Egypt's critics have a voice, but never the last word
Diaa Eddin Gad, a blogger, was taken away by the police on Feb. 6.
(Shawn Baldwin for The New York Times)
By Michael Slackman
Published: February 18, 2009
CAIRO: In Egypt, there is relative freedom to complain about and criticize the government, even the feared security services. Egypt is not Syria in that way, or Saudi Arabia, where public criticism aimed at the state is often dealt with harshly.
But that is where freedom stops.
"I call it the freedom to scream," said Fahmy Howeidy, a writer who has often criticized the government without penalty. "You can say what you want. But you cannot act."
The detention this month of Philip Rizk, an Egyptian-German who organized a peaceful march in support of Palestinians in Gaza, received international attention because of his dual nationality and because he was held incommunicado and without charge.
But what made Rizk's case extraordinary was how routine it actually was, according to political activists, political scientists, bloggers, Islamists, former prisoners and human rights groups here and abroad. It is all too common for the security services to grab citizens, detain them without charge, refuse to release any information concerning their whereabouts and deny them even the minimal protections, under an emergency law passed decades ago to help fight terrorism.
"In Egypt, it's sort of a soft dictatorship," said Gamal Eid, executive director of the Arabic Network for Human Rights Information in Cairo. "They want to have a pleasant image. But Egypt is ruled by the security apparatus."
The security services appear to have decided that it is generally acceptable to write for a newspaper. But bloggers are another matter. For some reason, as yet unexplained, blogging seems to cross the line from speaking to acting.
It may be that bloggers, by nature, are less willing to stop at the edge of what criticism is tolerated. Newspaper writers, for example, are cautious about how they deal with the president; bloggers have often attacked him head-on.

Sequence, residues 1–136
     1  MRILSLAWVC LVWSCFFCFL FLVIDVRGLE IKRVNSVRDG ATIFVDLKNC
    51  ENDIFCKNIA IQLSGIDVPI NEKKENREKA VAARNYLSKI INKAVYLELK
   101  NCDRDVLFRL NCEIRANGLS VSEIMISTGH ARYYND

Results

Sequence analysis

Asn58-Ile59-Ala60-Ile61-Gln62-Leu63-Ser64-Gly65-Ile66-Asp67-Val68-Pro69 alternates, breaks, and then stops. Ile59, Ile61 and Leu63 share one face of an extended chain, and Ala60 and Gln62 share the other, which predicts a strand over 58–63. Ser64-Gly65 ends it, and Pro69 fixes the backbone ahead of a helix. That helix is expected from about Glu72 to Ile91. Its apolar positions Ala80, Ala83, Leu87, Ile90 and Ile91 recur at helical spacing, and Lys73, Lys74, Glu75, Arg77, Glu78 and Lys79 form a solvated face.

Many bloggers have been arrested and beaten and thrown in jail. Eid said his organization was handling more than 100 cases of bloggers facing criminal charges. He keeps on his wall a snapshot of Abdul Kareem Nabeel Suleiman, a young blogger sentenced to four years in prison for criticizing President Hosni Mubarak and the state's religious institutions.
Karim el-Beheiri is a blogger too. He is a nervous wreck. His legs don't stop jumping, his eyes dart around, and he smokes three packs a day. He suffers memory loss and fatigue. He's been that way since he was held without charge for 73 days by state security — even after a judge ordered his release.
Beheiri, 25, wrote about corruption and workers' rights. He worked in a state-owned textile factory where tens of thousands of workers went on strike last April in a dispute with the government over wages. He said he had been beaten, shocked, handcuffed and manacled through much of his ordeal.
"For a second, after the judge said I should be freed, I thought there really were laws in this country," Beheiri said, dragging on a cigarette.
Diaa Eddin Gad, 23, another blogger, was grabbed the same day as Rizk and has not been heard from since.
But there is a gray line through it all. The Muslim Brotherhood — a religious and social movement that wants to see Egypt ruled by Islamic law — is legally banned and its members are often arrested, even tried before military courts. But it has offices around the country and is allowed to operate religious and charitable activities.
There are some critics who say that the government allows the brotherhood to survive so that Egyptian officials can say to the West that they are fighting to keep the Islamists from power.
Still, 740 of its members were arrested because they protested in support of the Palestinians in Gaza.
"There is a red line: don't make a big deal of your ideas," said Nasser Hobshi, 42, an engineer, as he sat with friends at an outdoor café near the stock exchange.
There are laws on the books that provide for some degree of due process. Even the emergency law, which gives the government broad powers to ignore civil protections in the Constitution and to detain citizens without charge, requires the authorities to make public that a person was detained, legal experts here said. But, they say, the rules are often ignored, largely because the security forces operate with impunity.